Religion was not their only reason for wanting to emigrate. Some of them were motivated by economic reasons also. The population of Germany was growing rapidly, meaning there were more people than the amount of work available, and two very bad harvests there in 1844 and 1846 made life for poor people very tough. The German states at that time were still pretty much a farming economy. When the Napoleonic Wars ended in 1815, war-time markets for certain products collapsed too, and competition from cheaper British products grew as they were allowed into Europe again. Masses of soldiers released from German armies went back to their farming areas and soon their was not enough viable farming land and work to go around, especially in Prussia and south-west Germany. Prices started to rise but wages didn't - across Germany generally wages stayed constant between 1820 and 1850, but there was a 50% rise in the prices of basic items like rye, potatoes and clothing.

Emigrants motivated by social reasons included those who were somewhat "speculative" in their actions; they weren't badly off at home in the German-speaking countries, yet they were curious to see if they could do better in another country like Australia - an element of adventure. This includes of course the thousands of Germans who flocked to Australia's (and particularly Victoria's) gold rushes in the second half of the 19th century. Victoria in particular saw a massive increase in the number of immigrants from German-speaking countries as thousands of adventurers arrived. By 1861 there were 10,418 German-born people in Victoria. According to the Victorian census of 1854, 41.76% of the Germans in the colony were on the goldfields; Germans were the third-largest ethnic group on the Victorian goldfields after the British and the Chinese.

How they came to Australia
        The Old-Lutherans applied to the Prussian government for permission to emigrate, but the government delayed for two years. The emigrants again and again put in new applications and tried to explain as humbly as possible why they wanted to leave. George Angas sent his secretary Charles Flaxman to Prussia to try to persuade the authorities to issue emigration permits. It is not clear whether the Prussian Government's reluctance to issue visas was due to real concern about the fate of the emigrants in travelling to a far-away, pretty unknown continent (this is what the Government officials often emphasised), or due to the Government's irritation at the stubbornness of the Old-Lutherans, whose emigration might make the world think that Prussia was oppressing people's religious beliefs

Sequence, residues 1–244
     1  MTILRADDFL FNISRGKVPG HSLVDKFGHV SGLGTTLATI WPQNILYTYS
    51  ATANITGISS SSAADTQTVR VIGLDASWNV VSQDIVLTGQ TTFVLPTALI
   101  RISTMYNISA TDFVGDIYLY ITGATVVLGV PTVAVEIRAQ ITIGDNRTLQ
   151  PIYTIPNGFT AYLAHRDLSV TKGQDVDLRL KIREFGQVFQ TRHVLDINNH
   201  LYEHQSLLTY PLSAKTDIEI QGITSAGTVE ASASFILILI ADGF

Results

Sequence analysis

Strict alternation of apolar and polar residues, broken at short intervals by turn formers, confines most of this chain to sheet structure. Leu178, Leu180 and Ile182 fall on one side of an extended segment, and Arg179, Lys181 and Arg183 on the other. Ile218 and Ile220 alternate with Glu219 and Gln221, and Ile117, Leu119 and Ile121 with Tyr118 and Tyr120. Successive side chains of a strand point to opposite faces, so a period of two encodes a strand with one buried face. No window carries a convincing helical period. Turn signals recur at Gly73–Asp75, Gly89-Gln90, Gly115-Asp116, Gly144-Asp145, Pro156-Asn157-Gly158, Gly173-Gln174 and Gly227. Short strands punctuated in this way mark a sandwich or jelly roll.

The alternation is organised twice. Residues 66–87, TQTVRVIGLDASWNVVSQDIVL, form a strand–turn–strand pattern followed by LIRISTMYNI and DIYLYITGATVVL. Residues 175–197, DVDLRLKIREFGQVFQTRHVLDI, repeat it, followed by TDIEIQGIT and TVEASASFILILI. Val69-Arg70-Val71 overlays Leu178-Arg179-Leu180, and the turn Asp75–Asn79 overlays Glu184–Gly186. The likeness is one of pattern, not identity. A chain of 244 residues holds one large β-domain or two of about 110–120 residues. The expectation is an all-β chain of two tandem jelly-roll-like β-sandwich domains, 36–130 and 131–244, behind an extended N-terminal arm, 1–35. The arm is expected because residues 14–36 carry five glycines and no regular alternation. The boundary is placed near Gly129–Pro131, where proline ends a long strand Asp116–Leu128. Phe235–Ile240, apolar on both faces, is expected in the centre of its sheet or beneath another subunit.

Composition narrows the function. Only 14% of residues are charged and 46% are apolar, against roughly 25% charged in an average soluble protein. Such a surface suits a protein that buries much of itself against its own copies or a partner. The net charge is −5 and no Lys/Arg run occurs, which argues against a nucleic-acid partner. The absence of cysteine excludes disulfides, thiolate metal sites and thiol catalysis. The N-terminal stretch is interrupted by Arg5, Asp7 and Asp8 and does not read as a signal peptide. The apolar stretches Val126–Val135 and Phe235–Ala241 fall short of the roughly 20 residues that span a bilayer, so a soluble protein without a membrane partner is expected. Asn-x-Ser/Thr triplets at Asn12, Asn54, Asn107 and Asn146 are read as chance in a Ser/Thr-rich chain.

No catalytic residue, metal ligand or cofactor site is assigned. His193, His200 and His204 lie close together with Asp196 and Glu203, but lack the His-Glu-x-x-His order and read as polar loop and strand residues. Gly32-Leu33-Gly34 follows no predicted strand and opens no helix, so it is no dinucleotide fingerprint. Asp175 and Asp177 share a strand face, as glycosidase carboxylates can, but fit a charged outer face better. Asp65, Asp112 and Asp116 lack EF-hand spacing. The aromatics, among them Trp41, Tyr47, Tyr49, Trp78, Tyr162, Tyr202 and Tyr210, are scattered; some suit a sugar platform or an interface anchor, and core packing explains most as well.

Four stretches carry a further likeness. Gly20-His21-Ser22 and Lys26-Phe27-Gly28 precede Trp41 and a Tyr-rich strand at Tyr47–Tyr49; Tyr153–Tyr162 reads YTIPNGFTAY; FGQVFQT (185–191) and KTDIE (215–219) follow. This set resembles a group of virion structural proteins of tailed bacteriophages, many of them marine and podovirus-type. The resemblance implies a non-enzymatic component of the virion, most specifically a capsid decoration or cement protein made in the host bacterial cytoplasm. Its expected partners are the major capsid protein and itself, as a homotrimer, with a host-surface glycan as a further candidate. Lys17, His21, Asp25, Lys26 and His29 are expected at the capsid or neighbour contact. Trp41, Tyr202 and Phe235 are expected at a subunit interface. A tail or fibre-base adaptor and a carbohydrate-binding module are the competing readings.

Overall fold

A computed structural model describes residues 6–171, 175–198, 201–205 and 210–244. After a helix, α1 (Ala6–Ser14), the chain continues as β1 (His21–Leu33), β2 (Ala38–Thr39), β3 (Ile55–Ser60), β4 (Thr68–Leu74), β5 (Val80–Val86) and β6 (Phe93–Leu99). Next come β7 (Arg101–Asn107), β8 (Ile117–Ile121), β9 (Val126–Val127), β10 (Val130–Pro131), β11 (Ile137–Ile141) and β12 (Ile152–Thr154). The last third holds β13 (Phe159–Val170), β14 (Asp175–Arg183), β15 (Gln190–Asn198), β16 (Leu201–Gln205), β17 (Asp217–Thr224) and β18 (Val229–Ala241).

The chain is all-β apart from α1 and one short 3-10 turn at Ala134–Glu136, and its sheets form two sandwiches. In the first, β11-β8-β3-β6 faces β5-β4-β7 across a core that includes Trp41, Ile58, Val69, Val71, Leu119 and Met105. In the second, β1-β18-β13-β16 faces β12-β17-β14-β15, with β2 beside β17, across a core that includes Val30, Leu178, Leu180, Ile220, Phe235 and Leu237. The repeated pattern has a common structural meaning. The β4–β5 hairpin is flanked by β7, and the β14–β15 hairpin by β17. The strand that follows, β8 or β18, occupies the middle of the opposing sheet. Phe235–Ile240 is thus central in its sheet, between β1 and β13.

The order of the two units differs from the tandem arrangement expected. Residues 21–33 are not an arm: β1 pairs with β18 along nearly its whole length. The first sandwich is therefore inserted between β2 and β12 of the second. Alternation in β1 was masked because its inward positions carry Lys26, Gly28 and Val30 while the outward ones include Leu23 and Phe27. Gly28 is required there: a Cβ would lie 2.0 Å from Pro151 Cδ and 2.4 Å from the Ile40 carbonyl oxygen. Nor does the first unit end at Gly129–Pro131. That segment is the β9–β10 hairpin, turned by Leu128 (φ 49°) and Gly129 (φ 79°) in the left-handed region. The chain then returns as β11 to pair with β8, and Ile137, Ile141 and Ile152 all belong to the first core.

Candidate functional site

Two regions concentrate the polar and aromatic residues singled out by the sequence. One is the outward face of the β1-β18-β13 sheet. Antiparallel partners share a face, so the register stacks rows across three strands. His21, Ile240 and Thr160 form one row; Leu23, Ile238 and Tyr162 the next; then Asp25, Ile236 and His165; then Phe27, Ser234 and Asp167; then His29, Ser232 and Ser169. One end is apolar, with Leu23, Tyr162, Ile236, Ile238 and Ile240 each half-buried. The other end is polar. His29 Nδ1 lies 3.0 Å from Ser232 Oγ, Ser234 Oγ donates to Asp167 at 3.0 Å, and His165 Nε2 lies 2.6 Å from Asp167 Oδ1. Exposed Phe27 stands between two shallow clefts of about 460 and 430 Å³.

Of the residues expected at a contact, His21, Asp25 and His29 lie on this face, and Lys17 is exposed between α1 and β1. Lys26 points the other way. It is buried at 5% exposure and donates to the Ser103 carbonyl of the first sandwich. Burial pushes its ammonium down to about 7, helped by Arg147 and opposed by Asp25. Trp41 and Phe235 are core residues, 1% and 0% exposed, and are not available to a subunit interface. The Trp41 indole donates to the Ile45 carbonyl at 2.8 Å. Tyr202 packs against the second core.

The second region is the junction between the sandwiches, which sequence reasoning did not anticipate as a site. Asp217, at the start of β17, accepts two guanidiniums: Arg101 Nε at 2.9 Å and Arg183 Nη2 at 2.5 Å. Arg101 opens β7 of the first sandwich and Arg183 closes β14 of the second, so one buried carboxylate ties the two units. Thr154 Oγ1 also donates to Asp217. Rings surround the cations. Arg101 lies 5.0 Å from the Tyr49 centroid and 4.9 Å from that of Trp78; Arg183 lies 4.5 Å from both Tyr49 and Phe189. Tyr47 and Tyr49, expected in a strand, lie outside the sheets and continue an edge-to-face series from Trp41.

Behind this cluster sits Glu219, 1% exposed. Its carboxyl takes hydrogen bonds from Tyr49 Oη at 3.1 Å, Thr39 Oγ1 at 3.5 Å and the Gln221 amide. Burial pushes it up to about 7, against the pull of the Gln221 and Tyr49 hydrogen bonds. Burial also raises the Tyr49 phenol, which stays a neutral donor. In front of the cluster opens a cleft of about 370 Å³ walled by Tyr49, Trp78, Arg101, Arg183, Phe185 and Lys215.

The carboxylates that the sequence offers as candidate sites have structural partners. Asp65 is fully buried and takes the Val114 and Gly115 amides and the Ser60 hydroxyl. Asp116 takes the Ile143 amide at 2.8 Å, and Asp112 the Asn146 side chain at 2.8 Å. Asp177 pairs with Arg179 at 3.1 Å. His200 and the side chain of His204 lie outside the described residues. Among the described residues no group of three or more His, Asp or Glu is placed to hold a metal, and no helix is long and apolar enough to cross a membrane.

Friedrich-Wilhelm-Canal                               German River Barge

Eventually permission was given. The emigrants had to travel to the port of Hamburg from their inland villages by barge along rivers, as railways had not yet been built. These barges were commonly called Oder barges. The journey along four different rivers (Oder, Spree, Havel and Elbe) and on the Friedrich-Wilhelm-Canal that connected the Oder and the Spree rivers, was about 600 km long and took three weeks. The following map shows the route they took:

From Brandenburg to Hamburg harbour
(from: David Schubert, "Kavel's People", 1997)

Emigrant Dairy description of Barge journey to Hamburg

Saturday, 1st May After many delays the day of assembly was fixed on this day. The meeting place would be Tschicherzig, using three barges on the River Oder to transport the emigrants to the port of Hamburg. The people from Posen boarded a barge; those from Zullichau and Schwiebus and Meseritz in Posen the second, and the third was filled with emigrants from Grunberg Province Silesia, totaling about 270. The journey was some 600km along the rivers and connecting canals of eastern and central Germany, following the route taken by their follow believers in 1838.
Thursday 6th May the barges left, amid loud prayers and hymns, for fear of the police was no longer necessary.
10th May the barges turned into the Friedrich Wilhelm Canal, a channel about 25km long linking the Oder and Spree rivers. Progress was slow, because the canal was less than 9.5 metres wide at the bottom and only 1.5 metres deep. They negotiated seven locks as they were lifted a total of 18 metres up the Spree.